By Geoffrey Geddes
The sword of consciousness slices with two edges. With the first, we cut through primal perplexity with Holmesian observation and Einsteinian reckoning, unearthing Troy and dancing on the moon. Ego wields the second edge.
Our lizard brain struggled mightily to outgrow its survival obsession long enough to recognize its own reflection. As our neocortex grew, humans developed increasingly impressive ingenuity, cunning, adaptability, and awareness. Regrettably, our budding brain also begot ego – a maladaptive byproduct of intellectual awakening that remains tied to our reptilian survival edict. Consciousness observes, ego fears; consciousness appreciates, ego demands; consciousness ponders, ego worries; consciousness lives, ego dominates.
Ego has appointed itself Supreme Defender of Consciousness, protecting its charge with dogged resolve. Its armory resides in our limbic system – the repository of our mammalian emotions – and is impressive, including fear, worry, regret, resentment, self-aggrandizement, self-doubt, narcissism, depression, addiction, compulsion, and post-traumatic stress disorder. Ego’s commitment to survival is fanatical and irrational; it ignores consequences in favor of immediate solutions.
Papa Freud hanged his shrunken hat on the metaphorical troika Id-Ego-Superego, and his psycho-sleuthing acolytes continue to tweak and debate that mental model long after psychoanalysis has faded from therapeutic favor. Still, Sigmund bequeathed to the world valuable insight when he exposed ego; he identified the enemy of effective, authentic living.
Ego is not a thing; it is not separate from consciousness. Ego is a functional construct that helps us to comprehend the percolating processes that underlie and influence our choices. Nevertheless, approaching ego as an adversary – as if ego hides the sunlight on which your bloom so desperately depends – can help marshal and focus positive life energy. Guard against sneak attacks that can leave you stuck in the mud of inaction or withered with self-loathing. Know your enemy.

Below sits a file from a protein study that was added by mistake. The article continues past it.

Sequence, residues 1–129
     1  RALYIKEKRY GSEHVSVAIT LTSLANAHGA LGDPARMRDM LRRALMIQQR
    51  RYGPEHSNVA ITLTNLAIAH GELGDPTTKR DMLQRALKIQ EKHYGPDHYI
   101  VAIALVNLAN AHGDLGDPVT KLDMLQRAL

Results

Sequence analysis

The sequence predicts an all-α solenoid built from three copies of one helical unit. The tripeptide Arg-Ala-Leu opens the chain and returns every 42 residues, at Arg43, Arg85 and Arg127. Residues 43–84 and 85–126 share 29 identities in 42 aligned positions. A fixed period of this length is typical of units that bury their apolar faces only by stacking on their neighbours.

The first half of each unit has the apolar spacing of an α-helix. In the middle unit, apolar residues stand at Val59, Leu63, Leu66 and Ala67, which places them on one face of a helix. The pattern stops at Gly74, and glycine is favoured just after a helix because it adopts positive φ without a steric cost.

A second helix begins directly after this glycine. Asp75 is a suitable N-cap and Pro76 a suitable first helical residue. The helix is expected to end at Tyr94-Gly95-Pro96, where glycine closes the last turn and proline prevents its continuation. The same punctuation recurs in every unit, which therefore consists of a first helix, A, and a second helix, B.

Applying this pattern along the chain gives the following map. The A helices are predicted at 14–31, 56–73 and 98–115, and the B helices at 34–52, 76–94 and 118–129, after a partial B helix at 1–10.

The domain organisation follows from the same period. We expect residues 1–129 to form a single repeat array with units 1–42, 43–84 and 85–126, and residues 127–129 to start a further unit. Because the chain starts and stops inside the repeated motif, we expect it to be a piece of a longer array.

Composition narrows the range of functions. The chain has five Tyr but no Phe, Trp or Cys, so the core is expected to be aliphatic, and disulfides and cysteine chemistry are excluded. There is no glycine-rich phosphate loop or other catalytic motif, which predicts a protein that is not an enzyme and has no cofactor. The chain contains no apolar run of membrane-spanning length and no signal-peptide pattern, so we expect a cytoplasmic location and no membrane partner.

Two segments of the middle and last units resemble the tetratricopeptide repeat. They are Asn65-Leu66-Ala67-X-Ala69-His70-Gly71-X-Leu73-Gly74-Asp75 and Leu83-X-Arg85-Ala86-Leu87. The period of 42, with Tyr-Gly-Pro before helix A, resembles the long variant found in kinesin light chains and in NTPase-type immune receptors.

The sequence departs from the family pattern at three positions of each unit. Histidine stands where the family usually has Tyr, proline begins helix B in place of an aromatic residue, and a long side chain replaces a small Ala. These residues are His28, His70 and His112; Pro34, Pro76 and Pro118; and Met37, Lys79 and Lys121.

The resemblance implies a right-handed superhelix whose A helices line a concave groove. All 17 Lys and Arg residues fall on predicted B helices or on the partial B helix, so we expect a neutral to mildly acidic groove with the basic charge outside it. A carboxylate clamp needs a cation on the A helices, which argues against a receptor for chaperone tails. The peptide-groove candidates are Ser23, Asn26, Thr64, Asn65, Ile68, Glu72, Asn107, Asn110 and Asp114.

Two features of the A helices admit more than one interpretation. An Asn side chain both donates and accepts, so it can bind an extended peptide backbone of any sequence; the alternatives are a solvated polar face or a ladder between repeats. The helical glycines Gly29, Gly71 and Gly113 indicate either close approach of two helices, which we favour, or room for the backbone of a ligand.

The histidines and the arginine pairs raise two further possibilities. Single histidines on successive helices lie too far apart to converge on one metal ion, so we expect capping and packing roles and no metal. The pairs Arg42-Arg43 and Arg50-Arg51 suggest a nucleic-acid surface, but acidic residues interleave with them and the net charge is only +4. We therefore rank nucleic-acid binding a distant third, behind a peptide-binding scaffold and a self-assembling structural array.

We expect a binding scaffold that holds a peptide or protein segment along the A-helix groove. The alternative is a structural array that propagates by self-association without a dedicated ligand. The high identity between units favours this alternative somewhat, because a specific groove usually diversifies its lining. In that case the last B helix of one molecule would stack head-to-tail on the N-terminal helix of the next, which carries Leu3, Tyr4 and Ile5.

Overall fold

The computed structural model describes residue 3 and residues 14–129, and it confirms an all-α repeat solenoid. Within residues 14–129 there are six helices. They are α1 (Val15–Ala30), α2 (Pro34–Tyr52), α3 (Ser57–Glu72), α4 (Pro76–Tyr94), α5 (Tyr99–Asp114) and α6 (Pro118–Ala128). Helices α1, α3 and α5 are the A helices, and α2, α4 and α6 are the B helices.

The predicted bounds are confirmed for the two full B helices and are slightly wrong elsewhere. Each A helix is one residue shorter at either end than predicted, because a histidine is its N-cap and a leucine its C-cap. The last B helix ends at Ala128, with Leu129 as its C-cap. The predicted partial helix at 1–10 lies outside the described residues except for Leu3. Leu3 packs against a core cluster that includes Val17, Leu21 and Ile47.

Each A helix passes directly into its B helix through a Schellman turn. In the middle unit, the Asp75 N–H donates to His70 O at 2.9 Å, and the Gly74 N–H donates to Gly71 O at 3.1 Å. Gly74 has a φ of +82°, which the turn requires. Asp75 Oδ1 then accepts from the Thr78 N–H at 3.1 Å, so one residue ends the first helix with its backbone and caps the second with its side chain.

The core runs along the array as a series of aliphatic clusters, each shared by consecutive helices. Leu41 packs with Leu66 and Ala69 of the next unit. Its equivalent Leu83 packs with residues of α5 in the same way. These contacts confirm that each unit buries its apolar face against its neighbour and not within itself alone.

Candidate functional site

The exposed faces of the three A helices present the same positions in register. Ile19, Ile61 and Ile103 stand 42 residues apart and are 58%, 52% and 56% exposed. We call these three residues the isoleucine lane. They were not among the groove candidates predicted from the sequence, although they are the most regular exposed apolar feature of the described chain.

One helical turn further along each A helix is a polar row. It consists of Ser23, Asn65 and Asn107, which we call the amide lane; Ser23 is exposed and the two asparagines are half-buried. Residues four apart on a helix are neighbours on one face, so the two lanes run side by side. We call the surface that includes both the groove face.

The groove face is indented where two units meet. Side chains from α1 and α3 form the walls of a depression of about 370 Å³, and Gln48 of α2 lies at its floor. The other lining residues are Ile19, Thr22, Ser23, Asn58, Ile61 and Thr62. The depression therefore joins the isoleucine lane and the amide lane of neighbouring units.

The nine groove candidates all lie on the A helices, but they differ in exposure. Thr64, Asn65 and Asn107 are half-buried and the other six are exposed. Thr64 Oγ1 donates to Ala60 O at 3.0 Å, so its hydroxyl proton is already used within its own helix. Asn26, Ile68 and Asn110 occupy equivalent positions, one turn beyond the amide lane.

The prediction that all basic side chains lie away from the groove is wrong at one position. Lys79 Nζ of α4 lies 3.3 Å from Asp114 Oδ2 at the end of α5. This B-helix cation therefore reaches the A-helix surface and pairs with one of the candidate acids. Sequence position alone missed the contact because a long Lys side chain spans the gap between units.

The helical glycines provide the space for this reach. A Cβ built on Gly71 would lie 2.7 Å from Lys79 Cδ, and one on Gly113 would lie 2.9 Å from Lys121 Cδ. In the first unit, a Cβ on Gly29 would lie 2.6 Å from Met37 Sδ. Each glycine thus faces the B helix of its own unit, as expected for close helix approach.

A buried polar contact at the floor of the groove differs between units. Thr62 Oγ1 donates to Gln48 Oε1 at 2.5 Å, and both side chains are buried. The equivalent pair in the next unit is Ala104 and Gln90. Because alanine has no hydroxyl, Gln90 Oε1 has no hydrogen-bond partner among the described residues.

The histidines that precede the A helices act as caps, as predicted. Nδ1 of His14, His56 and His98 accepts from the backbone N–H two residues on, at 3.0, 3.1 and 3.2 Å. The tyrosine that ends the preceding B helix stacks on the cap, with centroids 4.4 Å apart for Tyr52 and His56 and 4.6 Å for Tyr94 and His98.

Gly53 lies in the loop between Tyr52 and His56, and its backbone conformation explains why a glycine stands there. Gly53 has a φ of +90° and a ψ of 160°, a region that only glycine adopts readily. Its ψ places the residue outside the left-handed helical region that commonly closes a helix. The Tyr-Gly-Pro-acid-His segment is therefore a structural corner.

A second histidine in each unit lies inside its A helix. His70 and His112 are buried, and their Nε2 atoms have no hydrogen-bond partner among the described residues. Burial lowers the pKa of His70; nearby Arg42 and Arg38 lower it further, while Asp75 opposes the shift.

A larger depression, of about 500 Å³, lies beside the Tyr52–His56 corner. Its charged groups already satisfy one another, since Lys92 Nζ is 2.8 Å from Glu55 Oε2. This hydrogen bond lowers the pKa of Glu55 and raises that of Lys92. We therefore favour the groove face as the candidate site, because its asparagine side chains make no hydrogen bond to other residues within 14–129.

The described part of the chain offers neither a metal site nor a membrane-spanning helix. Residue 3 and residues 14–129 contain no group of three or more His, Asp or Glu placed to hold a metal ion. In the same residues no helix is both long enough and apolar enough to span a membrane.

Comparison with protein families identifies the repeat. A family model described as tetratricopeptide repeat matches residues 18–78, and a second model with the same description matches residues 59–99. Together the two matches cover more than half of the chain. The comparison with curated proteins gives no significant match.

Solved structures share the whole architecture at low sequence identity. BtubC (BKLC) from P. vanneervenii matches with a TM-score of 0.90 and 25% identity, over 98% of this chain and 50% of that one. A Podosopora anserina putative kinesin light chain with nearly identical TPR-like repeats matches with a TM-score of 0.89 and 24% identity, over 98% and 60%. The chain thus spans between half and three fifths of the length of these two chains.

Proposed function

Ego primarily seeks to eliminate threat. Regrettably, ego’s threat detector requires an unavailable upgrade. Lack of courtesy poses no threat, yet ego responds to an absent platitude with disdain or discourtesy. A critical remark poses no threat, yet ego defends with excuses, apologies, and lies. Failure invites no threat, yet, after a botch, ego preempts an anticipated attack with shame or deflected blame.
Ego can delay authentic living by wanting more, wanting better, or wanting different. Ego is never satisfied. Where ego reigns, regret, worry, and depression reside. There is no room at ego’s inn for acceptance and appreciation. War, sports, religion, and show biz all owe their persistent popularity to ego, as do plastic surgeons and quarter slots. Dissect any human frailty and you will likely catch a glimpse of ego dodging the knife.
Ego touts competition as a character builder. Our ancestors competed for sustenance; the victor survived and the loser perished. Today, we compete for rings and market share and the right to belittle our rivals. We compete for control, which is transitory at best and illusory at its core.
When the lights flash in your rear-view mirror after an innocent acceleration, watch ego work. What the… Great! Doesn’t he have anything better to do? I hate cops. I’m already late! Asshole! Here he comes. “Pardon me sir, but do you know how fast you were going?” Not fast enough, Pig! Ticket.
Shall we adopt a Zen tactic and seek to eliminate ego entirely? Ego is not an evolutionary mistake. Rather, ego’s development has failed to keep pace with human social evolution. Our need to run from mammoths and maintain vigilance in the dark of night has diminished with the advent of hunting rifles and door locks. Yet, without ego’s enthusiastic promotion of self-aggrandizement, human social development would cease. Some argue that human social development should cease, that humans have infested the Earth like bipedal bacteria and that thinning the herd and returning to a hunter-gatherer paradigm would better serve all of life – an ironically ego-inspired assessment. Ego drives perspective, and perspective determines assessment. A negative outlook (humans destroy) provokes negative conclusions and solutions (humans are bad and the world would be better off without them). A positive outlook (humans create and enrich) inspires positive conclusions and solutions (humans represent a worthy manifestation of life, and human creativity and curiosity should be encouraged and appreciated).
Our goal, then, should be to tame rather than destroy ego. Yet, a resolute approach is nevertheless necessary. Ego cannot reason; it will not negotiate. Ego will relentlessly discharge its maladaptive weaponry unless neutralized with extreme prejudice. So fight. Fight with a constructive perspective and a calm, confident demeanor. Practice a quiet, composed reaction to lights in your rear-view mirror. There may be moments in your life when ego’s approach enhances your chances for success; but there will be many more moments when ego sabotages your best efforts to live effectively. So embrace the Taoist paradox and fight by yielding. Resistance is futile; yet surrender is fatal. So fight!